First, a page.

EMG infers specific nerve function by recording electrical impulses in upper and lower extremity muscles. Continuous Free-Run EMG detects compound muscle action potentials immediately pursuant to associated nerve root irritation or damage. Through nerve root stimulation or other irritation due to, for example, incorrect pedicle screw placement, triggered EMG produces a Compound Muscle Action Potential, or CMAP. Both EMG types also may be used to monitor cranial nerves, with the most common nerves including the Recurrent Laryngeal nerve and the Facial nerve. During Facial nerve monitoring, EMG can often detect irritation or injury through readings from eye and mouth muscles.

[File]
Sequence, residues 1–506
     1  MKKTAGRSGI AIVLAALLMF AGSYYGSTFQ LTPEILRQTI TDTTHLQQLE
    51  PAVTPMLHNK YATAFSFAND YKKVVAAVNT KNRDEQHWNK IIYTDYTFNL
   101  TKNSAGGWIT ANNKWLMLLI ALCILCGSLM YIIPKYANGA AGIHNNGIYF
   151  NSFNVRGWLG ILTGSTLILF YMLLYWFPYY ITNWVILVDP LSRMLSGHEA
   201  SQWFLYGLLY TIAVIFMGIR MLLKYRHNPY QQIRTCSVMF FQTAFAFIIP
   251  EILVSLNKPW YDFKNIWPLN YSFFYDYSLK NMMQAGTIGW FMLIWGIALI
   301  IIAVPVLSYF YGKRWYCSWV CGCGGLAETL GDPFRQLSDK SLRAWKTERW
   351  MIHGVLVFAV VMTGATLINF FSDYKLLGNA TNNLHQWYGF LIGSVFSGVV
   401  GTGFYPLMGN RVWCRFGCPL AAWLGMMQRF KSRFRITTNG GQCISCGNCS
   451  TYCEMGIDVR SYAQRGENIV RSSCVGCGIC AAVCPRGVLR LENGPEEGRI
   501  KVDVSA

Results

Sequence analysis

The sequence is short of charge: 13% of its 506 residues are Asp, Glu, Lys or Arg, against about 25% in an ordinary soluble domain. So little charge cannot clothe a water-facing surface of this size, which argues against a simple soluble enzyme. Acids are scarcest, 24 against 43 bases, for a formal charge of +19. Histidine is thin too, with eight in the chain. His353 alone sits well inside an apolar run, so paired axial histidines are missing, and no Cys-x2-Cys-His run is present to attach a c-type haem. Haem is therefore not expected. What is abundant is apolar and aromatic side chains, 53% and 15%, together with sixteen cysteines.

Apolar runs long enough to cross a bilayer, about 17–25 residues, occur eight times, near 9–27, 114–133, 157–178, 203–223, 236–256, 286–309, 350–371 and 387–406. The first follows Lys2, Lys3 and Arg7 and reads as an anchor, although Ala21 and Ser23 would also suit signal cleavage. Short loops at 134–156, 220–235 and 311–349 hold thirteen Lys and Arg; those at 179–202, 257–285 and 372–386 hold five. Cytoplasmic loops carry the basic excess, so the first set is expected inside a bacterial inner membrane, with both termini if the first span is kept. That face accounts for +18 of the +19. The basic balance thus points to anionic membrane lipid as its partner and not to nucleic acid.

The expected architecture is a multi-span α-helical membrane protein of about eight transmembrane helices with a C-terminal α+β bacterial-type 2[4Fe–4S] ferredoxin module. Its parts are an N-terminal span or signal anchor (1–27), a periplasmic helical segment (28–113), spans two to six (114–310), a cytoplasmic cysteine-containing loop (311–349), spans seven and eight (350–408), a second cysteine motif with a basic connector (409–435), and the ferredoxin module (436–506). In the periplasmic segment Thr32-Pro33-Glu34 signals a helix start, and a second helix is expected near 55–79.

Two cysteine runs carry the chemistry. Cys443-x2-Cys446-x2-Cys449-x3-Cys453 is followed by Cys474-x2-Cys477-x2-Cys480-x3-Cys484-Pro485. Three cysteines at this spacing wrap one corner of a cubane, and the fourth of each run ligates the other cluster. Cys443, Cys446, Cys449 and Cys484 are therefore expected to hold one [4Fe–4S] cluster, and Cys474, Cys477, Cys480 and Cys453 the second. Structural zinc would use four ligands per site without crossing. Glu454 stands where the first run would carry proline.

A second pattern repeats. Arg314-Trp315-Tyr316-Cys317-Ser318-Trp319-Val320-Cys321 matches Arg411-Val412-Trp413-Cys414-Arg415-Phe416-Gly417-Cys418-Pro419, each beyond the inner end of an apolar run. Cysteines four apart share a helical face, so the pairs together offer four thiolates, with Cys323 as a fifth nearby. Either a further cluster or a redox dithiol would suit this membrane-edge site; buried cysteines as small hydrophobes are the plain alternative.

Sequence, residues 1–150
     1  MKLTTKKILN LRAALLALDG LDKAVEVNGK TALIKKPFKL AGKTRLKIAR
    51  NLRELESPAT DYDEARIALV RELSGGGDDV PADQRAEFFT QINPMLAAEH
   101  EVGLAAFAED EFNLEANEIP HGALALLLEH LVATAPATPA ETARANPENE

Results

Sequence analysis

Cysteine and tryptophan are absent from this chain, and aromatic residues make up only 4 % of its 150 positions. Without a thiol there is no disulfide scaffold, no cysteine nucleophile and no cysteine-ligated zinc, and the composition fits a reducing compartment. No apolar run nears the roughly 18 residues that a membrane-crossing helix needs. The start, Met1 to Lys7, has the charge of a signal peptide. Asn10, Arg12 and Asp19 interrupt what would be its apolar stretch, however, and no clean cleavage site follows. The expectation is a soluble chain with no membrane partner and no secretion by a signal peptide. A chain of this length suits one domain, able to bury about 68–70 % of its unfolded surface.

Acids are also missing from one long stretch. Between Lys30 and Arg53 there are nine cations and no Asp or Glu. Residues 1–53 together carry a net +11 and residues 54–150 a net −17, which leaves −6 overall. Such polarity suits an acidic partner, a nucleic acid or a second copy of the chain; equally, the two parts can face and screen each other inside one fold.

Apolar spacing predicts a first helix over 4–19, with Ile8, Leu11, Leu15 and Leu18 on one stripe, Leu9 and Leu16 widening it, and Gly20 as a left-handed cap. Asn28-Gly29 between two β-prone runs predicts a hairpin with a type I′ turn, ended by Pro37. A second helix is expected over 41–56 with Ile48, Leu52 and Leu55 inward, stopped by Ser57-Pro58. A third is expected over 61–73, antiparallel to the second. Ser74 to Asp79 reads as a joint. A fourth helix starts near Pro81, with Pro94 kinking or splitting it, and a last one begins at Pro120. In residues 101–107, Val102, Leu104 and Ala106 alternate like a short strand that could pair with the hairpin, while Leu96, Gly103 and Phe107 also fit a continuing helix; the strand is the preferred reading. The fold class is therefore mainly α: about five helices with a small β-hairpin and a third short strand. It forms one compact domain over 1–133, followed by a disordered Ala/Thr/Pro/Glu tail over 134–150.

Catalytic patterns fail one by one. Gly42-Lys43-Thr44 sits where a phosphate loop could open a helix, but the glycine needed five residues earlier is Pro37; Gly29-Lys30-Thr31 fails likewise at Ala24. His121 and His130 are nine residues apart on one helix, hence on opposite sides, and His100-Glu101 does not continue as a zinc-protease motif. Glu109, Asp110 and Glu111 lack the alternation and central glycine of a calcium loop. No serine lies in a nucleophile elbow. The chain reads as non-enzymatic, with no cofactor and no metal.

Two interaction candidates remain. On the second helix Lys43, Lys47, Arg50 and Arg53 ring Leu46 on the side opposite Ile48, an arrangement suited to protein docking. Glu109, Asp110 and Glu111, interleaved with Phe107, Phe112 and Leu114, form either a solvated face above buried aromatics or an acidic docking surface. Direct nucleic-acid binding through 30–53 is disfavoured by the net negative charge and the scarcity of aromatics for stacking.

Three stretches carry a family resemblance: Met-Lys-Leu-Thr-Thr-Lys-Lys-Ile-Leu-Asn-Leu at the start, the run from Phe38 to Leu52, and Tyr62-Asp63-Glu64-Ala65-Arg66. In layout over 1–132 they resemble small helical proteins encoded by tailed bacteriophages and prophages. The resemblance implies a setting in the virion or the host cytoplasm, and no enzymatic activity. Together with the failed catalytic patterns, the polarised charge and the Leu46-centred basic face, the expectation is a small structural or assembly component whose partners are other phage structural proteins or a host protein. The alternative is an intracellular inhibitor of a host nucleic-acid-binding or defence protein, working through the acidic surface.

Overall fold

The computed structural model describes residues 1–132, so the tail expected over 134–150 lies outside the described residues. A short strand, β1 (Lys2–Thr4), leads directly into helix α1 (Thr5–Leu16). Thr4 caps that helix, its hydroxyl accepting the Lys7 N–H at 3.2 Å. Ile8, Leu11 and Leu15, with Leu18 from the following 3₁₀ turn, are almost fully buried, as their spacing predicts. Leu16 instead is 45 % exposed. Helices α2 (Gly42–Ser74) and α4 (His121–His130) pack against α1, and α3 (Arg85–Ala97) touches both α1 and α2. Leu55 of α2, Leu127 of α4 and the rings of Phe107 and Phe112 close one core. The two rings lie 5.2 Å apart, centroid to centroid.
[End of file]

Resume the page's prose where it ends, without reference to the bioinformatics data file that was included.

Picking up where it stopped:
EMG recordings may indicate severity of irritation or damage through recording patterns displaying spikes, bursts, train activity and neurotronic discharges. Particularly useful in evaluating cranial and peripheral nerves, EMG complements the SSEP and TCMEP modalities, which tend to concentrate on the central nervous system. EMG often is used during spinal instrumentation to evaluate pedicle screw integrity. This modality also assesses injury risk to specific nerves during surgeries on structures such as the parotid gland, spine and thyroid; or risk to muscles such as the sphincter muscles during tethered cord release.